Handling and Quantifying Uncertainty in Dynamical Systems
The ability to conduct fast and reliable simulations of dynamical systems is of special interest to Army operations. Because such simulations can be very complex and involve millions of variables, it can be prohibitive in CPU time to run repeatedly on many different configurations. Reduced-Order Modeling (ROM) provides a concrete way to handle such complex simulations using a realistic amount of resources. However, uncertainty is hardly taken into account. Changes in the definition of a model for instance could have dramatic effects on the outcome of simulations. Therefore, reduced models as well as general decisions based on simulations should be informed and not assume that models are 100% correct. The AHPCRC team at UTEP worked on developing techniques to be able to handle and quantify uncertainty, with the goal that all results should be guaranteed. In particular, major accomplishments include:
The ability to conduct Model-Order Reduction in the presence of uncertainty in the model
In the development of smart sensors, the idea is to exploit observed data (with uncertainty, since measurements are never 100% accurate) to identify features of a given dynamical phenomenon (e.g., values of the input parameters, initial conditions) so as to be able to propagate this new knowledge forward and predict future behavior. This is very important in Army applications as a reliable understanding of a developing situation can allow taking preventive or palliative action before a situation worsens. We were able to do this by coupling interval computations with interval constraint solving techniques.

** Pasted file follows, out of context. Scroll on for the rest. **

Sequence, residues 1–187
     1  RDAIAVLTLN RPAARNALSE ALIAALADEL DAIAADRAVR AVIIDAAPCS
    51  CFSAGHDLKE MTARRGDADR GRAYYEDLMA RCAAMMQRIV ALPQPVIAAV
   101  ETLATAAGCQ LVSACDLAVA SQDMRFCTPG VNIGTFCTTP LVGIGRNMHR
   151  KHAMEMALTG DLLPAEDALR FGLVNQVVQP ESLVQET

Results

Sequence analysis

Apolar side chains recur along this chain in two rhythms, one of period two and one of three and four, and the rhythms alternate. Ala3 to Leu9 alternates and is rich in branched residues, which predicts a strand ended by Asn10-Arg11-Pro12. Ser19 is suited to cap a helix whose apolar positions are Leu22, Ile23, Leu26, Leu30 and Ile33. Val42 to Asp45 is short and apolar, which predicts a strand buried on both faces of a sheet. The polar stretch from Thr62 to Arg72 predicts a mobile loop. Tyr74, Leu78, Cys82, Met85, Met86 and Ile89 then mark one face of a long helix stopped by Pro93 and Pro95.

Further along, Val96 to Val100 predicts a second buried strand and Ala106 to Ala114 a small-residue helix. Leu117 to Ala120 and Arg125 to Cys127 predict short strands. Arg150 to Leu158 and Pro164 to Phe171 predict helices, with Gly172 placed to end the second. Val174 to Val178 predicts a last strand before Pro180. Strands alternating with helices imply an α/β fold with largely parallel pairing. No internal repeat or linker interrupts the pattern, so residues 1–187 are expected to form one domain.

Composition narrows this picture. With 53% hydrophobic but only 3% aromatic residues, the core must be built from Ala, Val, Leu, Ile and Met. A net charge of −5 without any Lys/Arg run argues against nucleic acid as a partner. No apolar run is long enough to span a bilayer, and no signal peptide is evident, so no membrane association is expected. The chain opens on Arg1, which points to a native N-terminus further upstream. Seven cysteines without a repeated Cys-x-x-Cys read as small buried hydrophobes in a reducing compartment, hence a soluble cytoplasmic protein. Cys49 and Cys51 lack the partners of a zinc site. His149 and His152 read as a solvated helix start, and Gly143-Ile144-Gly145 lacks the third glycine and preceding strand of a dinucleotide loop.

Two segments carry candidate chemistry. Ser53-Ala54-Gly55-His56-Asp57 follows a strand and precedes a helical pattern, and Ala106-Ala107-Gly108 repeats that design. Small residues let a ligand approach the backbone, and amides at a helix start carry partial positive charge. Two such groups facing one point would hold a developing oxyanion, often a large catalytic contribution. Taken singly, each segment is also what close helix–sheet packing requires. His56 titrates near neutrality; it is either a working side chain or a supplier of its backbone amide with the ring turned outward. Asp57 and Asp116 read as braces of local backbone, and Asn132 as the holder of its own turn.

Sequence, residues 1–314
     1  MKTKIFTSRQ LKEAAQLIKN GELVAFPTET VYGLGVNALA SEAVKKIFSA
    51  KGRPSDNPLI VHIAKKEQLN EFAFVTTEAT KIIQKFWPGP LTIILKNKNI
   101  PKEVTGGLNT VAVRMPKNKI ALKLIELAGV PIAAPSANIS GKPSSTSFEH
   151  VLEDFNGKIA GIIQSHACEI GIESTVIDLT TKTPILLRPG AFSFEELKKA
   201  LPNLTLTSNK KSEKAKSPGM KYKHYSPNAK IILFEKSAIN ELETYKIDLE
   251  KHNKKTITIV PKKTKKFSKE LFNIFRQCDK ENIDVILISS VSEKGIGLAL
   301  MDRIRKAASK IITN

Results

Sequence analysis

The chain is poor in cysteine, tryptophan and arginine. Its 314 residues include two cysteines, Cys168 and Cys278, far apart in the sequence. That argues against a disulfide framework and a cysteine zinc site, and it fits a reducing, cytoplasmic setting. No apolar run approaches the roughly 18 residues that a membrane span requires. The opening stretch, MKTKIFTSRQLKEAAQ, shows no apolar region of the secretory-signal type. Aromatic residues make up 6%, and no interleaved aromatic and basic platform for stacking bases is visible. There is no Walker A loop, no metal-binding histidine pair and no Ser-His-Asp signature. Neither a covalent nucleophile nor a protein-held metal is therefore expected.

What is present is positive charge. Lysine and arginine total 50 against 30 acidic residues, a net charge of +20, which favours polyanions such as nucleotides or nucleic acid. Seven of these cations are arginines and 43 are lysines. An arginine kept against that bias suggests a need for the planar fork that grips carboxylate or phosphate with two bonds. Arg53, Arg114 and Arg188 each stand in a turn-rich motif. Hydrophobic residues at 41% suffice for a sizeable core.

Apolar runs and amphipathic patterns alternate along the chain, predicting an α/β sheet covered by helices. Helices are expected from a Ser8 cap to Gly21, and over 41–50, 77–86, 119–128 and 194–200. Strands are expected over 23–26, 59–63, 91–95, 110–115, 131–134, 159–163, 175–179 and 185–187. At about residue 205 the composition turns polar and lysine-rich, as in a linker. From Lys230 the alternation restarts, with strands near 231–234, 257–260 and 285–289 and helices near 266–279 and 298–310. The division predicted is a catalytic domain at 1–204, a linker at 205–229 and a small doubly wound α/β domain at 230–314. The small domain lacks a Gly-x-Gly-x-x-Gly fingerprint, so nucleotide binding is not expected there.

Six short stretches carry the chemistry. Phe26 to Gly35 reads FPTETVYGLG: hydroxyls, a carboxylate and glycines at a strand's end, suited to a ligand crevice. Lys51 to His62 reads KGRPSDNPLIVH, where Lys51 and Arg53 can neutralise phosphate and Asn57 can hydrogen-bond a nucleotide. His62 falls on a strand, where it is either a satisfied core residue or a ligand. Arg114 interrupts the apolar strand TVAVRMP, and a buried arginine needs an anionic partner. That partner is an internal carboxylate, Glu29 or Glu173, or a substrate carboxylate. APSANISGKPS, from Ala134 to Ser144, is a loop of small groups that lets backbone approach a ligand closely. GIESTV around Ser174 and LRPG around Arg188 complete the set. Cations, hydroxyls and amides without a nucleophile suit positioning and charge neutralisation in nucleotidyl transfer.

Figure 1: On the right-hand side, we show how we are able to reconstruct the behavior of a known phenomenon, in this case, FitzHugh-Nagumo solely based on one observed data of variable v:v40 at time 4. Using this one measurement, we are able to identify the initial conditions of the observed phenomenon (on v and w) and predict its future behavior through v100 and w100
The ability to (re)compute values of parameters of on-going dynamical phenomena that specifically allow enforcing given behavior (and, similarly, avoiding given behaviors). This can be performed “on the fly”, for instance in the middle of a mission affected by an unexpected event threatening personnel or material, to re-compute parameters to ensure the safety of the mission.
Professor Ceberio has developed a computational framework for quantifying uncertainty that is flexible and scalable during her participation in the AHPCRC program. The framework combines techniques from model order reduction and interval computing and will be further developed in collaboration with ARL teams. It will be applied to applilcations such as sampling distributations and machine learning algorithms. – Dr. Radkrishnan Balu, ARL